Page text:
Late one night while pondering whether to accept the task of recording Miss Winter’s personal story, Margaret begins to read her father’s rare copy of Miss Winter’s Thirteen Tales of Change and Desperation. She is spellbound by the stories and confused when she realizes the book only contains twelve stories. Where is the thirteenth tale? Intrigued, Margaret agrees to meet Miss Winter and act as her biographer.

As Vida Winter unfolds her story, she shares with Margaret the dark family secrets that she has long kept hidden as she remembers her days at Angelfield, the now burnt-out estate that was her childhood home. Margaret carefully records Miss Winter’s account and finds herself more and more deeply immersed in the strange and troubling story. 

Both women will have to confront their pasts and the weight of family secrets... and the ghosts that haunt them still


The description itself said it all, but here's the reason why I gave it 5 stars, and why I want to re-read the book so badly. The story of course has a catch, a famous author, the weird biographer, secrets from the past, but it also have something that touched me so profound, the love for books. The way the author, through Margaret's point of view describes her love for books, how she felt when reading, how she devour a book, or got frustrated with others. How she prefers to be reading instead of go out, how she can be lost in real world, and still found herself fascinated by other worlds, the worlds from books. The old, the vintage, the classics, the dusty, the rare founds. Reading about Margaret's world, you just want to be part of it, you simply want to visit her father's bookshop, talk to him, see the rare collection, touch all the books with the tip of your fingers while you walk from bookcase to bookcase.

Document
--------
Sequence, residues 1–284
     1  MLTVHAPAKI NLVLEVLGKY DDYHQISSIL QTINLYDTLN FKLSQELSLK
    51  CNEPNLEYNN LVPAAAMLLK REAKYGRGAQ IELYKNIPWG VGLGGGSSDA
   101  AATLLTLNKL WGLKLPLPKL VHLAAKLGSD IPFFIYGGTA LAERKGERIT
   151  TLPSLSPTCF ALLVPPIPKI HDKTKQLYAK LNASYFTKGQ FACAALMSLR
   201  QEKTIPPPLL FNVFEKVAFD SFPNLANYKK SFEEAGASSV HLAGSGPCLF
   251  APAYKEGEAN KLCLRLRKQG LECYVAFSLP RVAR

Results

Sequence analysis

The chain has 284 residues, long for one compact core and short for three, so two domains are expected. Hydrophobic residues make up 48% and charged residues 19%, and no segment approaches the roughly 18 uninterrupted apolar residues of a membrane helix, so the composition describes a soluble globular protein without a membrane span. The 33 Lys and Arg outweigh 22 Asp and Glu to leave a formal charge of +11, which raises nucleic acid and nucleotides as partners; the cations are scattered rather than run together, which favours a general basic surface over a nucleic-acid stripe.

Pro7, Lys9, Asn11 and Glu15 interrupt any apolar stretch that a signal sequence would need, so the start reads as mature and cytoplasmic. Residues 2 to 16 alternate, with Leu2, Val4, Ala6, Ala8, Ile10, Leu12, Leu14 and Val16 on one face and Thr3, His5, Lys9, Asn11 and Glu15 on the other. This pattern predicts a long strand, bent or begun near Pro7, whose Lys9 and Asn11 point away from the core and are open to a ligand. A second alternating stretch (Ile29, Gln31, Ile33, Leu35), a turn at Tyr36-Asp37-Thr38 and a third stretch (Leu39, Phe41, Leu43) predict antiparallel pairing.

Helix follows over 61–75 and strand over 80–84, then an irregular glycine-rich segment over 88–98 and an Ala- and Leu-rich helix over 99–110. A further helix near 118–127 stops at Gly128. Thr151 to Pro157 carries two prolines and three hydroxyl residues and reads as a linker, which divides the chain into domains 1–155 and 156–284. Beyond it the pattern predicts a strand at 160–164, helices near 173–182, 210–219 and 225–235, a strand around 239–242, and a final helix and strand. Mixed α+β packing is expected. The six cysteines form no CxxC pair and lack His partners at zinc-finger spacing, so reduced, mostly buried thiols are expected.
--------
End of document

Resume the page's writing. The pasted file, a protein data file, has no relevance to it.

If I start talking about Vida Winter, how odd and interesting old woman, what an amazing way she has to tell a story, to caught you and make you wish to know more and more.
The book itself disturbed me because even when there's a lot of books with greater stories, this one for some reason, was close to my heart even more. I can't explain why, probably because i feel so close to Margaret in her love for books, same love that Vida Winter shares. Probably for the secrecy, but like i said, this book touched me in some way others didn't in a while. 
Before I go, a little bit more about the movie. Of course they changed a few details, some important details, but still, they tried to be as faithful to the story as they could, and they made an excellent job. The characters of Vida Winter, Margaret and the twins, same as John the dig, and the missus would be close to my heart, and probably i'm going to watch that movie as many times as I watched Amelie or even more.